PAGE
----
Thursday, January 12, 2012

tiger habitat


Tigers Near Extinction

Wildlife Conservation: Wildlife needs protection because of ecological, cultural, economic and legal factors. Wildlife conservation has correlation with hydrological cycle, soil productivity, food and fodder. Wildlife- particularly endangered species need protection and management. Global Bio diversity is at risk, due to increased global demand for wildlife and its products. The changing market dynamics and the lifestyles demand more from the wilderness. The wildlife crimes are assuming organized status and the existing regulatory regimes are inadequate.


There are many species in the earth facing endangerment, but Tiger is one of the Flagship Species going to be wiped off from its wilderness, if an eleventh hour efforts are not taken to arrest the factors leading to extinction. Hence the attention of the International Community is an urgent necessity. In the past century, populations of wild tigers have plummeted from 100,000 to 3500 globally..Tigers in India are in deep trouble, a little over 1400 tigers left in the wild, which is believed to have 40,000 during the last century. Threats of extinction of this species are by poaching, illegal trade, massive habitat fragmentation and destruction, loss of prey, poaching and illegal trade. At present only 13 countries have the tiger population of about 3200 in the wild and estimated that India homes about 60% of this.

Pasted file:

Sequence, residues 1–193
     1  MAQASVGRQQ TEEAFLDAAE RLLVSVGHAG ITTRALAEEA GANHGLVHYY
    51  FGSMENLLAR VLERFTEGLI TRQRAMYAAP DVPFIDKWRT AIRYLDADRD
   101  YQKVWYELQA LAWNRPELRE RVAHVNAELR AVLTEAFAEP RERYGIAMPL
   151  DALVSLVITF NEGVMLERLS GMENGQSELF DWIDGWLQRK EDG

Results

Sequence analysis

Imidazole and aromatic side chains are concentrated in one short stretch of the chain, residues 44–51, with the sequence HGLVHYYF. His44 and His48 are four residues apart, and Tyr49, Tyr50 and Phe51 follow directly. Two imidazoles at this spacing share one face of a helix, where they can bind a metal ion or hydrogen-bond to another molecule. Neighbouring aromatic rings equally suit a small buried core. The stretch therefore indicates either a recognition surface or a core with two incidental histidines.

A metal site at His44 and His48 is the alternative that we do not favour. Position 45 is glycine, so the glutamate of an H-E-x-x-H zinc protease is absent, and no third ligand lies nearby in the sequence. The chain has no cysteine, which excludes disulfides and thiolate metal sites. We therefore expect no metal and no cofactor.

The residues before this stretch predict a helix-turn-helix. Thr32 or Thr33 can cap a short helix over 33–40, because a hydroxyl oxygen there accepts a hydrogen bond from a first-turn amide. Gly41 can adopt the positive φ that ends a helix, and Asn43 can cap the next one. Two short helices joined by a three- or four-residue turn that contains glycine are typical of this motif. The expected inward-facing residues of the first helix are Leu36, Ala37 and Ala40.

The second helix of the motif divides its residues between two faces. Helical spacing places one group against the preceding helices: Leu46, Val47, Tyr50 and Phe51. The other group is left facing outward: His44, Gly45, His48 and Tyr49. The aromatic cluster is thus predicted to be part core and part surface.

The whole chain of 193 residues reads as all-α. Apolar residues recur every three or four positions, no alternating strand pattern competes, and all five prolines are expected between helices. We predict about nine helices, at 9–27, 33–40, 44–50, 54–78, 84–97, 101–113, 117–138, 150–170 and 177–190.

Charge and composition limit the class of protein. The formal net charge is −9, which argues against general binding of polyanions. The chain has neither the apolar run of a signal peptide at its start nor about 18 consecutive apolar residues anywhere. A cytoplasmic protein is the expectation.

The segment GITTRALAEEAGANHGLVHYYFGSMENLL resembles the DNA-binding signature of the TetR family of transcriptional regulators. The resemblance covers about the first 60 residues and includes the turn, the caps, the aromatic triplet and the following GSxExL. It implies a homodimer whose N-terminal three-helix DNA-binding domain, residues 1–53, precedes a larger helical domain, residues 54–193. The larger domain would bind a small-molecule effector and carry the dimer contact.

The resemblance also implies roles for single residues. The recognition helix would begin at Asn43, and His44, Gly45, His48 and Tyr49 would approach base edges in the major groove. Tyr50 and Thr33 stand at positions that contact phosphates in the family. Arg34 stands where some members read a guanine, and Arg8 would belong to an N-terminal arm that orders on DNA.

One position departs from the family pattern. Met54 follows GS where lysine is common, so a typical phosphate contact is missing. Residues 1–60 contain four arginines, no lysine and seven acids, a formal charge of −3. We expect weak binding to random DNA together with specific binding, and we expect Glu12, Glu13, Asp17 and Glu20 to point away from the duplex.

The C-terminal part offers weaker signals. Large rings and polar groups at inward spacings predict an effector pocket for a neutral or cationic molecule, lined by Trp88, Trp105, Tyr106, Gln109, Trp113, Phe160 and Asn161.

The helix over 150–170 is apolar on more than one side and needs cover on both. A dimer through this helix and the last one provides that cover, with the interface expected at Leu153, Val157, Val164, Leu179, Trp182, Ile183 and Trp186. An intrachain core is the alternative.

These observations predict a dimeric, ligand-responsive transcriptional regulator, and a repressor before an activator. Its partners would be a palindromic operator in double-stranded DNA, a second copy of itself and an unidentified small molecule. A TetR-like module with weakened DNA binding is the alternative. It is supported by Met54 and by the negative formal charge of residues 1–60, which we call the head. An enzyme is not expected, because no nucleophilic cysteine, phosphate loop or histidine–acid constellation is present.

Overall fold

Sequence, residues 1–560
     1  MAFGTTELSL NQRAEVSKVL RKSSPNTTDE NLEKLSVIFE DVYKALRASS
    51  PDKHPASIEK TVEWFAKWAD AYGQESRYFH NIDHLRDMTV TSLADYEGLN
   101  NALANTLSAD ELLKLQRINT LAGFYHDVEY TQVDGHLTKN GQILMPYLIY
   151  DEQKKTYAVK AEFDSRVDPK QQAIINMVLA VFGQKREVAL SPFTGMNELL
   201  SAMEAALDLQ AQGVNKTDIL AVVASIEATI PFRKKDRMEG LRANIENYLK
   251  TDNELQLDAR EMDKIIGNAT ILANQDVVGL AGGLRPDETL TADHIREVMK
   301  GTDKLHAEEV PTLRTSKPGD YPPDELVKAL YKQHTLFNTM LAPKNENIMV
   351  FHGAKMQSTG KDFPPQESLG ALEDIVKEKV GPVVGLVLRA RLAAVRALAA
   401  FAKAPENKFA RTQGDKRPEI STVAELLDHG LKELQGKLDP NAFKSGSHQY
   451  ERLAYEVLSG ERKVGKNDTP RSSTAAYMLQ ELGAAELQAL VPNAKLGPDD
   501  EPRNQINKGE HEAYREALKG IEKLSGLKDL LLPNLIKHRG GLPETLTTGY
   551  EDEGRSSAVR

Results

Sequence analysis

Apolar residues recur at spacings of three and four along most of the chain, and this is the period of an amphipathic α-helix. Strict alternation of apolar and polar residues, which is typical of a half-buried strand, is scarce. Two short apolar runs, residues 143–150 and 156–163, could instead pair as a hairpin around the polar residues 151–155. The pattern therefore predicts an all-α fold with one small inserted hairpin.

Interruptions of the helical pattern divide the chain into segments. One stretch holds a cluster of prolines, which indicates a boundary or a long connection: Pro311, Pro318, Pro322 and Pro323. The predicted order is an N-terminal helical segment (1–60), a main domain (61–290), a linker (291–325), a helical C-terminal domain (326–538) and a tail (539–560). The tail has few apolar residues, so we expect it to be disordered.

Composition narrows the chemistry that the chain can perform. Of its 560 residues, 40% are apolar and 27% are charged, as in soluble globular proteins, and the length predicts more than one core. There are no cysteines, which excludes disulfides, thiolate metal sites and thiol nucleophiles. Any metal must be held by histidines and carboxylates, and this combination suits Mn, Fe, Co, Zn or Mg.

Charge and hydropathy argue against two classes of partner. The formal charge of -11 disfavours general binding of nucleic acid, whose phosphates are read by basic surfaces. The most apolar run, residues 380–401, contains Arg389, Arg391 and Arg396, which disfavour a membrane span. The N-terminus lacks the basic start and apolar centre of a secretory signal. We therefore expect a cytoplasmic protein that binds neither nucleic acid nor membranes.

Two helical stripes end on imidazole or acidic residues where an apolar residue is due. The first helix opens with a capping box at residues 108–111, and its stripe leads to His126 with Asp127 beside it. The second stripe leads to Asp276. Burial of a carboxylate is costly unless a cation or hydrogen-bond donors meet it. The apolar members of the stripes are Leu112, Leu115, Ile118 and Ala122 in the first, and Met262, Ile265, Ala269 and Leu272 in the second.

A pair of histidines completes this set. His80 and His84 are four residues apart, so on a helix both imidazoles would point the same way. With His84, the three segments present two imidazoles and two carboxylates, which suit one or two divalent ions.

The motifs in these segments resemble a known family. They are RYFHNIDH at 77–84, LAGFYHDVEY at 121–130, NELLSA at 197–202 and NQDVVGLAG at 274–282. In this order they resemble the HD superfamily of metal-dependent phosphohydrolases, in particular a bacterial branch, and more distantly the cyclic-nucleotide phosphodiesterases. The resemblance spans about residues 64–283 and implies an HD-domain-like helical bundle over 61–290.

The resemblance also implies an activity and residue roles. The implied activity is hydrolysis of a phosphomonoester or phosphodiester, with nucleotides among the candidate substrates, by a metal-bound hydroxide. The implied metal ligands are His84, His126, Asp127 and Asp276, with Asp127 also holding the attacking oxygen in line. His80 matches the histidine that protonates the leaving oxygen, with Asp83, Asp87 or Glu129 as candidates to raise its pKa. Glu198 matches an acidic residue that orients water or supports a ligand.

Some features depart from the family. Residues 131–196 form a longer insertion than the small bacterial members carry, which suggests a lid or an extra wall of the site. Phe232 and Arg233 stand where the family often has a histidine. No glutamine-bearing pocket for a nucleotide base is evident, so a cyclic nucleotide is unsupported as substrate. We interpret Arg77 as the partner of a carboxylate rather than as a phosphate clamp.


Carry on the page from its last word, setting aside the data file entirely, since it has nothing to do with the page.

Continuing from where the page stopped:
Chinese oriental medicine: The illegal trade in tiger bones accelerated in 1980's. Tiger populations in China had been decimated by the demand from traditional oriental medicine manufacturers. China remains a major consumer of tiger and other Asian big cat products for manufacturing these medicines. Tiger skins are sought for home dcor, taxidermy and bribery. Bone is widely used in traditional Chinese medicines and treatments. China's ever-growing demand for tiger parts to use in libido-enhancing and aphrodisiacal drugs & profit from the sales of tiger-bone wine and skins still remains the major cause of depletion of this most charismatic cat from the wilderness. Chinese government has banned tiger trade in 1993, removed tiger bone as ingredient in traditional Chinese medicine, but theblack markets for tiger parts are still active. This is evident from the findings of EIA (Environmental Investigating Agency) thatabout 4,000 tigers bred in captivity in China (as on Sept 19th 2009). Allegations are that large amounts of money are involved in the trade, which is controlled by organized criminal networks, which cannot be still contained by the authorities. During an under cover operation investigation in July and August this year, EIA (Environmental Investigating Agency ) was offered 4 full tiger skins, 12 leopard skins, 11 snow leopard skins and 2 clouded leopard skins.